NaNo struggles on I have managed to clear the 15k word hurdle and working tonight to close in on 20k. I have gotten through most of my chartered plot another scene or two ahead and it's vast unknown. I know roughly where I'd like the character to end up, if he manages to life that long *evil laugh*. Not that I really intend to kill him, but it's laying out there tempting me we will see if I resist it.
Because of the loss of the last year I guess it drives me to finish this that I can't let the moment go, almost as if I hear Reemul echoing "go on, do it." Our time is short, can I find all the right words in time? I don't know I hope so, I carry alot of hope in me these days.
So smile, laugh with a friend, as for me I got to go, I have a whole lot of writing to get to and the hour is late.
ps - 6 hours and 4000+ words later... not a bad night ;)
The web can discuss important things, it can convey valuable information, but this isn't one of those sites. It is, however, hilarious. Every once in a while you find a great site online, then forget about it and end up ever so pleased when you find it again.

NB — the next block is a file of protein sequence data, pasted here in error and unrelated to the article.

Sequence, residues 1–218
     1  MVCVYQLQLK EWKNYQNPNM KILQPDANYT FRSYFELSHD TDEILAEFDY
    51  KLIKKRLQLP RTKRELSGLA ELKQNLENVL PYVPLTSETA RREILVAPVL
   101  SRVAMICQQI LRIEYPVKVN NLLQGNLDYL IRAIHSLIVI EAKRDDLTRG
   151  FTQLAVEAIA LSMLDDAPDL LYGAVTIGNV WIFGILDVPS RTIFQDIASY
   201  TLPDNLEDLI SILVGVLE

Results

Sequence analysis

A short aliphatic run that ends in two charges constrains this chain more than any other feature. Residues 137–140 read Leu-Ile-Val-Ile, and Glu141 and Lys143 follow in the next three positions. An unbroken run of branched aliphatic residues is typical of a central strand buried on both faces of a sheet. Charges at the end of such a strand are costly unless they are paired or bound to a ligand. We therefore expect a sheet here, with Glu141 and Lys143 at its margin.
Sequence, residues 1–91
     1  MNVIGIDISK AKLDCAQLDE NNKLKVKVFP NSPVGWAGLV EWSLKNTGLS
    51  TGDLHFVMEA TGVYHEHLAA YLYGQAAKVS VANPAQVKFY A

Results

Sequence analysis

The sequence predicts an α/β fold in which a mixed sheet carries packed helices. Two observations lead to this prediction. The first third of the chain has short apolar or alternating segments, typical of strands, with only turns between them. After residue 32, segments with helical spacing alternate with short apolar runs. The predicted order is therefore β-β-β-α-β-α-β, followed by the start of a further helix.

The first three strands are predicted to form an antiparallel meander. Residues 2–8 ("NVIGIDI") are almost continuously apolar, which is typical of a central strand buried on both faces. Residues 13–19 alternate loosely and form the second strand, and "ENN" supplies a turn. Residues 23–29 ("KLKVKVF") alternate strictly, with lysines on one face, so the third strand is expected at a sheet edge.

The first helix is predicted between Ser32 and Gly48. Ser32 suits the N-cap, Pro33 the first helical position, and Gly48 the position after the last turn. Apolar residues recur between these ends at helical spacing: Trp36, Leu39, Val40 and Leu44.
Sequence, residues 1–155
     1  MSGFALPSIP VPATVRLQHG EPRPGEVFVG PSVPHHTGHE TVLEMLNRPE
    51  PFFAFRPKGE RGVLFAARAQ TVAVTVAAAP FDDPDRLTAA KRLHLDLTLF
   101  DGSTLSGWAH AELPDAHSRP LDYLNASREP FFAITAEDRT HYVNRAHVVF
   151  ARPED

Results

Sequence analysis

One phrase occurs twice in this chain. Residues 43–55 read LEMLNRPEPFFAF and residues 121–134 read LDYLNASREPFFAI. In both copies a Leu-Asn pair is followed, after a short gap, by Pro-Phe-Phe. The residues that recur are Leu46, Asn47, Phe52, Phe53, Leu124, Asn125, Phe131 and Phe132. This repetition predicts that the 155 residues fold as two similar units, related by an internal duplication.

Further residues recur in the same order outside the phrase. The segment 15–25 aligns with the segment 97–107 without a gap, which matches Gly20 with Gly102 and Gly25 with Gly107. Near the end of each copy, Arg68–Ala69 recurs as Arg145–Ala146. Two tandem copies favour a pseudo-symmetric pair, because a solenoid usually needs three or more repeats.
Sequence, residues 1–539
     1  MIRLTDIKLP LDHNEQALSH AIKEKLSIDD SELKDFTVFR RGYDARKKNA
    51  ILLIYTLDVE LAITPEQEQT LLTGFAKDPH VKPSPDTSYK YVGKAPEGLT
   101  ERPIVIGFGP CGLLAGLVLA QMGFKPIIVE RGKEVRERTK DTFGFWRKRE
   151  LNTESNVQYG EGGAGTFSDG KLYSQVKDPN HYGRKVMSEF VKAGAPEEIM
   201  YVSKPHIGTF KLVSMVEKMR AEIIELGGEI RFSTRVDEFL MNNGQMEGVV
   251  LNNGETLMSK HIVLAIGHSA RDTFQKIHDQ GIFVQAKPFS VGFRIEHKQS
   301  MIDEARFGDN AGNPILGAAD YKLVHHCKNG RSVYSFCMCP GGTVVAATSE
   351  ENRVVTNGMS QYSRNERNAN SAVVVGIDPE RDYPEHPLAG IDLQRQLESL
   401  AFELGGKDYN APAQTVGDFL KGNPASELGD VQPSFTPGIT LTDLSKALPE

Most of it is not safe for work, but as an example...
Raize- can you guys see what I type?
vecna- no, raize
Raize- How do I set it up so you can see it?
It's like a best of IRC.
Thursday, November 13, 2003
Adopt a Cigar
Some friends from Germany just called and they were how do I say, yes three sheets to the wind. The two of them had gone through three bottles of wine and the one sounded reasonably in control of himself the other was rather drunk. Anyway we got to talking and a buddy proposed adopt a cigar program. This program would be similar to the Adopt a Child in the Third World ads on tv. The difference would be an opportunity for American's to make sure Cuban cigars find a good home, since they are illegal to buy here. For just $4 my friend will buy and smoke, even record the pleasure with photographs and written account of the cigar so that you knew it was properly cared for. If it were 1999 I'd be talking IPO, but instead after work tonight while I'll be sleeping, they will be enjoying fine Cuban tobacco. Have fun Franky and Pete and thanks for the call, it made my day.
PS - If anyone is interested just let me know...
PromoGuy's Monday, ahem Thursday Mission 3.45